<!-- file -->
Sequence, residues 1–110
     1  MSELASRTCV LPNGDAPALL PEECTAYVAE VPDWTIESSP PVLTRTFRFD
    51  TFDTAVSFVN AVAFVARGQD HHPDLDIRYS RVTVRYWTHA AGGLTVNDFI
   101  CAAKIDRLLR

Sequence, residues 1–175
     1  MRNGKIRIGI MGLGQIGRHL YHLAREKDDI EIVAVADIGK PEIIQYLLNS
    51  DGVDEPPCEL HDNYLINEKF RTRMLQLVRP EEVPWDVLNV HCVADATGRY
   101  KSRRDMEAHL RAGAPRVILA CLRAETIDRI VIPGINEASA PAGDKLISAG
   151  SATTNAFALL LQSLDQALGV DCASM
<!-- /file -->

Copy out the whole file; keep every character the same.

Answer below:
Sequence, residues 1–110
     1  MSELASRTCV LPNGDAPALL PEECTAYVAE VPDWTIESSP PVLTRTFRFD
    51  TFDTAVSFVN AVAFVARGQD HHPDLDIRYS RVTVRYWTHA AGGLTVNDFI
   101  CAAKIDRLLR

Sequence, residues 1–175
     1  MRNGKIRIGI MGLGQIGRHL YHLAREKDDI EIVAVADIGK PEIIQYLLNS
    51  DGVDEPPCEL HDNYLINEKF RTRMLQLVRP EEVPWDVLNV HCVADATGRY
   101  KSRRDMEAHL RAGAPRVILA CLRAETIDRI VIPGINEASA PAGDKLISAG
   151  SATTNAFALL LQSLDQALGV DCASM